In terrestrial laboratories, on the other hand, the vacuum fluctuations could help explain the so-called Casimir effect. A force acts - seemingly out of nowhere - on two closely spaced, electrically conductive plates. Responsible for this are the vacuum fluctuations of the light, in which so-called virtual photons, i.e. light particles, arise and immediately disappear again

“Vacuum fluctuations play a role in the Casimir effect in such a way that two bodies can be brought so close together that the wavelength of these virtual photons no longer fit between them. This then creates an effective force, because outside of these two bodies all virtual photons are still present and raining down on these circuit boards. So there are more photons on one side than on the other. "

The result: Overall, an external force acts on the circuit boards, which presses them together. However, the Casimir effect can also be explained purely classically in an alternative approach, i.e. without the effects of quantum physics and vacuum fluctuations. What researchers have lacked so far has been the direct measurement of vacuum fluctuations. It was even assumed that such an observation was not possible at all.

“This possibly applies to all detection methods now in existence for particles that have a rest mass. But in our case we are doing optics, we want to measure photons. And these can be sampled directly if I can take a measurement on a time scale that is shorter than the time scale on which these virtual photons arise and decay again. "

In order to measure the vacuum fluctuations directly, Alfred Leitenstorfer's team designed a sophisticated experiment. The core of this experiment is a special laser that emits ultrashort light pulses: a single light pulse lasts only six femtoseconds, i.e. six quadrillionths of a second. This means that these light pulses are shorter than the period of oscillation of the fields in the observed infrared range, which arise and disappear again due to the vacuum fluctuations - and can therefore observe them. In addition, the researchers used a so-called electro-optical crystal, the special properties of which are influenced by the vacuum fluctuations:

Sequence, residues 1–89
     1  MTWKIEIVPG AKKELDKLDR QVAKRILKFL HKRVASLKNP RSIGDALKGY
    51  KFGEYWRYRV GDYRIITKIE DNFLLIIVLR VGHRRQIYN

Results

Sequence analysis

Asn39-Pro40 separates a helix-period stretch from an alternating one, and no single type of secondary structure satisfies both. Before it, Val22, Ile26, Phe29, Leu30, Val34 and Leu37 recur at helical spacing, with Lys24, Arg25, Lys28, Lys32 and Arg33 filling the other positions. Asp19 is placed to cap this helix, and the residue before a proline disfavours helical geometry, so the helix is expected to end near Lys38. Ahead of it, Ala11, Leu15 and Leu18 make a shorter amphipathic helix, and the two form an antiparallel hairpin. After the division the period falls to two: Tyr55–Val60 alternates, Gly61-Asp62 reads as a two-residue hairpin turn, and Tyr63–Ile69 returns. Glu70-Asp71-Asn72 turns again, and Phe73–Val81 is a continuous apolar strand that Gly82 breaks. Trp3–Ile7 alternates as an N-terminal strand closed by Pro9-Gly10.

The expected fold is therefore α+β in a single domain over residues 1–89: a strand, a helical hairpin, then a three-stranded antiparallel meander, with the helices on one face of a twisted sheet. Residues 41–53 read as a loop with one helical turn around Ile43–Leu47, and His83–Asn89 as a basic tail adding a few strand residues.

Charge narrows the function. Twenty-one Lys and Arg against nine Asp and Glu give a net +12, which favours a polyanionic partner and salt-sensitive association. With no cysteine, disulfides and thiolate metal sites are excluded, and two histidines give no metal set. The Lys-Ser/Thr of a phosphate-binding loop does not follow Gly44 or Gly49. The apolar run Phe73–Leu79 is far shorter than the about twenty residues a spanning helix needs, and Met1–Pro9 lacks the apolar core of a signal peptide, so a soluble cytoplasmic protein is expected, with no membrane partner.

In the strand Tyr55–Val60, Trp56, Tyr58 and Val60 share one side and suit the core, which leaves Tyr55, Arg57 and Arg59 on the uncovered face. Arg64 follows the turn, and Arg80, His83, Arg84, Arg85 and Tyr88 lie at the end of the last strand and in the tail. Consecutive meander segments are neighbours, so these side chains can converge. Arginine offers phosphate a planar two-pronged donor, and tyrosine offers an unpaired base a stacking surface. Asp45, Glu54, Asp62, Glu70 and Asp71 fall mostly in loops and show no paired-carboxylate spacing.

Illustration of the measurement of vacuum fluctuations

“Electro-optical materials have the property that they change their refractive index proportionally to the applied electric field. The electromagnetic field penetrates this crystal in a way that it is minimally modified. "

Due to the changed refractive index due to the vacuum fluctuations, the crystal changes the polarization of light, i.e. its direction of oscillation. This also applies to the laser pulse. In his case, the direction of oscillation is initially exactly fixed before the pulse crosses the crystal.

“Before the laser pulse hits the crystal, it is exactly linearly polarized. The geometry of the crystal is chosen so that when the laser pulse runs through this crystal and no external field is applied to the crystal, this linear polarization is exactly maintained. But if there is a finite electric field amplitude, it is elliptically polarized in exactly the same way after passing through the crystal. "

Leitenstorfer and his colleagues found out: After crossing the crystal, the laser pulses were actually somewhat elliptically polarized. The electric field of the vacuum fluctuations had influenced the optical properties of the crystal in such a way that the direction of oscillation of the light changed statistically exactly as the scientists had expected for the interaction with the fluctuating vacuum field. This is the first time they have directly measured the vacuum fluctuations of the electromagnetic field.